September 25, 2017By Dr. Kim Baily

QSEN-Related Simulation Objectives are a Key to Improving Patient Care

Programs that conduct simulations in nursing education in either service or academia should take a moment to review the objectives of a few of their scenarios. Do the objectives include QSEN competencies? As a reminder, here are the six competencies:

  • Patient Centered Care
  • Safety
  • Informatics
  • Teamwork and Collaboration
  • Quality Improvement
  • Evidence-Based Practice.

In 2005, the Quality and Safety Education for Nurses (QSEN) initiative was funded by a grant from the Robert Wood Johnson Foundation to improve healthcare education and prevent patient errors. The goal of QSEN is to ensure that all nurses have the knowledge, skills, and attitudes (KSA) necessary to continuously improve the quality and safety of the healthcare systems in which they work. Over a thousand faculty were educated under a “train-the-trainer” model and as word of the competencies spread across the country, QSEN competencies became integrated into undergraduate and postgraduate programs.

Eventually QSEN competencies were included in simulation. However, a recent survey study of nursing faculty by Gerry Altmiller (2017) discovered a huge range in the estimate of faculty having received QSEN education (20% to 80%). Reasons for not using QSEN included faculty’s lack of training and lack of knowledge how to integrate simulation. Altmiller concluded that faculty training should be ongoing and that “competencies in nursing education remains varied and inconsistent”.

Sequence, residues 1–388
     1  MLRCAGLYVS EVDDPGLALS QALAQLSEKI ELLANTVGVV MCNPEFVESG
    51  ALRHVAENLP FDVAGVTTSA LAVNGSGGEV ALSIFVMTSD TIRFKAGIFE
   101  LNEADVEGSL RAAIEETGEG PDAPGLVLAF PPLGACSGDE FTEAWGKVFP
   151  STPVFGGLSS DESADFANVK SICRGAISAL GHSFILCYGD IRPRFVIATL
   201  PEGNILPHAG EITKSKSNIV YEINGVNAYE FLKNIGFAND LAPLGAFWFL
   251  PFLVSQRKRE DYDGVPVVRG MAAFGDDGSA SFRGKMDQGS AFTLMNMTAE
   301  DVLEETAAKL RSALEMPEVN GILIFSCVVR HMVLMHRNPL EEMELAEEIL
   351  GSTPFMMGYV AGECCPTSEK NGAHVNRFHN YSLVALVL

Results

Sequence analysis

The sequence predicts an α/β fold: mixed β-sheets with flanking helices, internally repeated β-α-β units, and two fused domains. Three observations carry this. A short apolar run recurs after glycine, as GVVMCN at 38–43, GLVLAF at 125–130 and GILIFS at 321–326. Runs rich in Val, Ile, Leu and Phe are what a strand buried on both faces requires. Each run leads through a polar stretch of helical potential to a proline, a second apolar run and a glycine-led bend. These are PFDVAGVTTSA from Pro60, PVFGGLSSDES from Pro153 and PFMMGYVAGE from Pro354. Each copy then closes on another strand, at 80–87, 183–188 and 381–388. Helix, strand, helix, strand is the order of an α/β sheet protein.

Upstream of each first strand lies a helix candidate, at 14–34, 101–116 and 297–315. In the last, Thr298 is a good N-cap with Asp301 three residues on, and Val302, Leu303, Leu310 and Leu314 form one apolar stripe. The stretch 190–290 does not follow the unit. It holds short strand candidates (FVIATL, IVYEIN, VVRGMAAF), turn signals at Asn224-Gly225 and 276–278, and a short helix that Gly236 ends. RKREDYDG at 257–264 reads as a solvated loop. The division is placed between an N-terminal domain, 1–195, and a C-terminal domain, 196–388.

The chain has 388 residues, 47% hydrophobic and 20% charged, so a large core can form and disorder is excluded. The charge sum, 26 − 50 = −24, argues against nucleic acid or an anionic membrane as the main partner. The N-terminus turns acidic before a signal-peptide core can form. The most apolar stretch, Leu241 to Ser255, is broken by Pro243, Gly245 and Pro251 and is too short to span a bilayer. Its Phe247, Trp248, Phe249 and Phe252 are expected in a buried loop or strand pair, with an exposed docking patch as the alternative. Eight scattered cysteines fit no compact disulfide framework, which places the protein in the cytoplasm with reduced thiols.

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Incorporation of QSEN competencies into simulation provide a significant opportunity to improve patient safety outcomes. The QSEN website has a ton of useful information, especially through the resources tab. Your program can access the QSEN faculty training for free for 3 months, as well as take advantage of the other resources such as examples of simulations and implementation strategies. A simple search for “simulation” on the website will help you find teaching strategies involving the methodology. Hint: Select “older posts” to find other QSEN sim posts!

Celeste M. Alfes published a very helpful article on the QSEN website entitled “ Developing A QSEN Competency Checklist for Simulation Experiences”.   The article includes free checklists for including QSEN competencies, learning objectives, competency checklists and evaluations in simulation scenarios.

Today’s article was guest authored by Kim Baily PhD, MSN, RN, CNE, Simulation Coordinator for Los Angeles Harbor College. Over the past 15 years Kim has developed and implemented several college simulation programs and currently chairs the Southern California Simulation Collaborative.

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